How to Seal My Boat Dock

by Caroline Baldwin

Properly sealing a boat dock will save you thousands of dollars over the life of the dock. A boat dock that isn't sealed is exposed to the harsh lake or sea elements and can rot. Once a dock has rotted or is water damaged, they become unsafe and will have to be replaced. Sealing a dock is very similar to sealing a deck at your home; you must clean it, sand it, and seal it. The job is easy to accomplish on a sunny weekend.

Check the weather report. You will need two days without precipitation with temperatures ranging from 50 degrees Fahrenheit to 90 degrees Fahrenheit. The seal must have time to dry before it gets wet again.

Remove everything from the boat dock. The surface must be clear of all items such as ropes, chairs and boat accessories.

Sweep the entire surface of the boat dock. While sweeping, inspect the deck for any nails which need to be reset or replaced.

Clean the seams between the wood planks with the edge of a long scraper. A flat-head screw driver is a good alternative to the scraper.

Use a deck cleaning product to clean the boat dock of mildew or mold. Follow the instructions on the packaging for best results.

Let the boat dock dry.

Put on the safety mask. Sealant fumes can be harmful if directly inhaled.

Pour the sealer into a 5-gallon bucket. Pour the sealer on the shore if you have a floating boat dock to prevent spills.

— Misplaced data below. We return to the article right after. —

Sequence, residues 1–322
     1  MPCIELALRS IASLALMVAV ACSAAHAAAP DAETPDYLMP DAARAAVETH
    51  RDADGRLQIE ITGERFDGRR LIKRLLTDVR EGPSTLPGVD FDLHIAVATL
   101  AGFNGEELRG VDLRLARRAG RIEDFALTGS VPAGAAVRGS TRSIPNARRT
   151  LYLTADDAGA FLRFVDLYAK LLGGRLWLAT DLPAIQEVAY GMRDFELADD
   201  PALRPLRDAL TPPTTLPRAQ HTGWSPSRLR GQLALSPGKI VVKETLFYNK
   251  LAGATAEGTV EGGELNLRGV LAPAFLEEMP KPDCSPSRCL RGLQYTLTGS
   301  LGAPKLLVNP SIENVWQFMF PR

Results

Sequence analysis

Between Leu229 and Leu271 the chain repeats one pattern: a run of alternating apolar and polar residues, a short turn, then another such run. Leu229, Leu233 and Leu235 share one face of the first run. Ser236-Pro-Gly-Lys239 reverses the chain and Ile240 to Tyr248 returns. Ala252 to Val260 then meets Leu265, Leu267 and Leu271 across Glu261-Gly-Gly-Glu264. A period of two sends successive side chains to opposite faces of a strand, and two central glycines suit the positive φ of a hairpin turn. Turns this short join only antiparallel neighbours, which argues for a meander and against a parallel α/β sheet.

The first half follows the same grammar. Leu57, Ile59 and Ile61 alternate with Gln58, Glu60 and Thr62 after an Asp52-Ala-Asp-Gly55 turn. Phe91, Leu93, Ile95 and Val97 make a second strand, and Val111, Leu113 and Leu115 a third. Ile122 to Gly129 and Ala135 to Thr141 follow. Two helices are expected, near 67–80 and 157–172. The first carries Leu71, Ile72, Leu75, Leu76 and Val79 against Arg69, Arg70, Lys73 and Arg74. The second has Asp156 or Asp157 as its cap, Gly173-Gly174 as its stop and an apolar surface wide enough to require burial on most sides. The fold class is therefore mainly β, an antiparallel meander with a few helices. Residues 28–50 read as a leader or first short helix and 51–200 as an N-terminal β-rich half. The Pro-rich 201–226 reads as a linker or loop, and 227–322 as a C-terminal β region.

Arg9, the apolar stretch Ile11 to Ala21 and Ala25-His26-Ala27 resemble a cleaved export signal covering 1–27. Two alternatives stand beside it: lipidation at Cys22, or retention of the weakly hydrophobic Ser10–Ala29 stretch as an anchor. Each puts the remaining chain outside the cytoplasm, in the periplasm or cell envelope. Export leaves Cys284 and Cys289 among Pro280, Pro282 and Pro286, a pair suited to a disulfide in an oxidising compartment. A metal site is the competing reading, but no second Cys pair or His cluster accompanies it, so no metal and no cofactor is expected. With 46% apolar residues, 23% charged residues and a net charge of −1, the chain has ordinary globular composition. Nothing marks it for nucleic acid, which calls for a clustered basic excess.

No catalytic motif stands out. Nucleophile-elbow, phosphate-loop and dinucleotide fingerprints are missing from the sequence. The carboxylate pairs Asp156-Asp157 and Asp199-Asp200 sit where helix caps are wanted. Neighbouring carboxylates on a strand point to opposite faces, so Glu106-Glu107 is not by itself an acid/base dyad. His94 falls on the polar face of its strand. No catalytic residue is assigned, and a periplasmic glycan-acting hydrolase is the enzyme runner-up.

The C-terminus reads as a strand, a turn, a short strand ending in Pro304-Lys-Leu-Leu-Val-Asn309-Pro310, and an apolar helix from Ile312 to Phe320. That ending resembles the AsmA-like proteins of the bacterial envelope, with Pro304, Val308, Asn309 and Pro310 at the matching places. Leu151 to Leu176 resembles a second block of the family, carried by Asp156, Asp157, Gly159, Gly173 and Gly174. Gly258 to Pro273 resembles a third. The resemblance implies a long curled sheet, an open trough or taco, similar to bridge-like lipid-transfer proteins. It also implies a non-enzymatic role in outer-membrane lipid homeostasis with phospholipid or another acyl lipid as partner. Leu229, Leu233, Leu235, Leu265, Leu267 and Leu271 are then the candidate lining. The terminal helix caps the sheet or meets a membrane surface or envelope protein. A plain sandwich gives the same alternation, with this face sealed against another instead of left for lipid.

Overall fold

Insert the spreader screen into the bucket. Attach the roller to the extension pole.

Roll the sealant onto the boat dock by starting in a corner and working towards an exit.

Spread sealer into the seams and trim with the paintbrush.

Let the sealer dry for 3 hours before walking on the dock.

Apply 2 to 3 coats of sealer on boat decks that are exposed to salt water or a rainy climate.

Use soap and water to clean the roller and brush.

Tip

  • check Test the wood each year to check that the sealer is still protecting the boat dock by sprinkling water on the dock. If the water beads up, your boat dock is still protected; if the water soaks in, you will need to reseal your boat dock.

Items you will need

About the Author

Caroline Baldwin, a corporate communications director located in South Carolina, began writing in 1998. Her work has been published in publications across the United States and Canada including Rolling Stone, Boating Life, Waterski and Wakeboarding magazines. She holds a Bachelor of Arts in communication studies from The College of Charleston.

Photo Credits

  • photo_camera Jim Arbogast/Digital Vision/Getty Images